Wednesday, June 30, 2010

Blood test for Down's syndrome

Researchers hope it will provide a better alternative to invasive tests which give an accurate result, but raise the risk of the mother suffering a miscarriage.

They hope to have the test available within four years and have suggested it may eventually cost as little as £30 per patient.

The new test works by extracting the DNA of the foetus from the mother's blood and screening it for Down's syndrome and other abnormalities.

At present, pregnant women are given the odds on whether they are carrying a child with Down's syndrome, and if they want to know for certain they have to undergo one of two invasive processes; either amniocentesis or chorionic villus sampling. The first involves taking a sample of fluid from around the foetus and can, in some cases, cause a miscarriage even if the woman is carrying a healthy foetus. The second requires taking a fragment of the placenta.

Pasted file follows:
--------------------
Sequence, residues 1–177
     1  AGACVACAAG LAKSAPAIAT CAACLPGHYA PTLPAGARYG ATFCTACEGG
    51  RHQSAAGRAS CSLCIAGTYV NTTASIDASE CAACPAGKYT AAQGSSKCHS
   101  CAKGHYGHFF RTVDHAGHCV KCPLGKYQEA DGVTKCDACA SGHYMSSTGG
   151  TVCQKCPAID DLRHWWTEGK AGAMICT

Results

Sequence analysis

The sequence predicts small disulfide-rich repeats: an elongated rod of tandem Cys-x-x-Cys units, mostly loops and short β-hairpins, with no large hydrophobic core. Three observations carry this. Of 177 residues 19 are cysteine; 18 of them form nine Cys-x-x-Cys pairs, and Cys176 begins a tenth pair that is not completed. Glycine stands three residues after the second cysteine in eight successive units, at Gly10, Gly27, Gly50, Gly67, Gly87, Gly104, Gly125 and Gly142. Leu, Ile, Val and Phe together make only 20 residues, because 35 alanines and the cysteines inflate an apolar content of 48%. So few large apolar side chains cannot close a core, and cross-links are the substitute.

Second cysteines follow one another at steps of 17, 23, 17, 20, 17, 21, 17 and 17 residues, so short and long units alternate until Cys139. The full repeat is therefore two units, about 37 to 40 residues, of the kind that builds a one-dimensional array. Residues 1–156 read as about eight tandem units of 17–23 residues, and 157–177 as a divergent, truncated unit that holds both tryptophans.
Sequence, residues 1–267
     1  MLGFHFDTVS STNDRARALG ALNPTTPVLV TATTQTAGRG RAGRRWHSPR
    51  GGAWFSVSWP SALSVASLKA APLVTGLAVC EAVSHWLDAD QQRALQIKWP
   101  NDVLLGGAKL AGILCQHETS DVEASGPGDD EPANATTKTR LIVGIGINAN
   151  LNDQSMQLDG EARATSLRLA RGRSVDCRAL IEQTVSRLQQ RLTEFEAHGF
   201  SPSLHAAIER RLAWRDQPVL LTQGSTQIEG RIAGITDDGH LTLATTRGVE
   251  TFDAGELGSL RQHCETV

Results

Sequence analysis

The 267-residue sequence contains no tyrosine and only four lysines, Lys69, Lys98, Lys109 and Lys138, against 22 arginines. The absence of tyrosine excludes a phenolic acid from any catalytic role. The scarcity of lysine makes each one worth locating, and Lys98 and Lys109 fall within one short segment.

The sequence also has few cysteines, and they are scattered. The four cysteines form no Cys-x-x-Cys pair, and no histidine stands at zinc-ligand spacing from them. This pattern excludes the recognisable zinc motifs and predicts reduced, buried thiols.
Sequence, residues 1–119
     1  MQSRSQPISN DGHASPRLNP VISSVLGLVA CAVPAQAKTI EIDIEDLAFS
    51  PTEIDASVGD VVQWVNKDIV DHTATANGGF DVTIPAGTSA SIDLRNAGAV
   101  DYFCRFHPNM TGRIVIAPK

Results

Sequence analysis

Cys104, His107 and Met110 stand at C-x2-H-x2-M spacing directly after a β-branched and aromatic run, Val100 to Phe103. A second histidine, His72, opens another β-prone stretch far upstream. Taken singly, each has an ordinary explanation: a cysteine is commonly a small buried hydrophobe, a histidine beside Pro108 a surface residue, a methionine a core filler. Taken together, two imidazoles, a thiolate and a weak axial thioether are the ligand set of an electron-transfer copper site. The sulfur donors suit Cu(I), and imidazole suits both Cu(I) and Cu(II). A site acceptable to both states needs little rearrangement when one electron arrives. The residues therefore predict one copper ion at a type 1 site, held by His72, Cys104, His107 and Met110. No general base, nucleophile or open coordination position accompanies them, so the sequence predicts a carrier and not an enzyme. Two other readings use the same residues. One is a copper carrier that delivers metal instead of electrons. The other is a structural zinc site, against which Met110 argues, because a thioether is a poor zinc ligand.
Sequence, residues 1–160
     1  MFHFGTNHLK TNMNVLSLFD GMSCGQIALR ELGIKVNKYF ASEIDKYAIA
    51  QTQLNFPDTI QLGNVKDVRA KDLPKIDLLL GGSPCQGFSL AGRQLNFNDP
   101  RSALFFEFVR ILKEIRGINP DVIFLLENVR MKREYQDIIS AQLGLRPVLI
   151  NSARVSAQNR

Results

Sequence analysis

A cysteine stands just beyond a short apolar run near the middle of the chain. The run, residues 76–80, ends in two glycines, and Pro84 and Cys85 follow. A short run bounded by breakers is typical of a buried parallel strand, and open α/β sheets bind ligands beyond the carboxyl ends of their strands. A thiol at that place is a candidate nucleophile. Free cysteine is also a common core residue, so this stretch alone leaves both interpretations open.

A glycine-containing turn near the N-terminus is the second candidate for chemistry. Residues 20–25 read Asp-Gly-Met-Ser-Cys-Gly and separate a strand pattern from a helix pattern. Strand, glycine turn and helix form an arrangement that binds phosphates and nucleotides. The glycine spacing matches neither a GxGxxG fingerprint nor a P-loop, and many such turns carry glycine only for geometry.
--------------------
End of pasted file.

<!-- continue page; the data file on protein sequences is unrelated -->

The new test involves the same equipment needed for amniocentesis testing, but uses blood instead of amniotic fluid and is not invasive.

Source and More:

Teaching Reading to Children With Down Syndrome: A Guide for Parents and Teachers (Topics in Down Syndrome)
Down Syndrome: The First 18 Months

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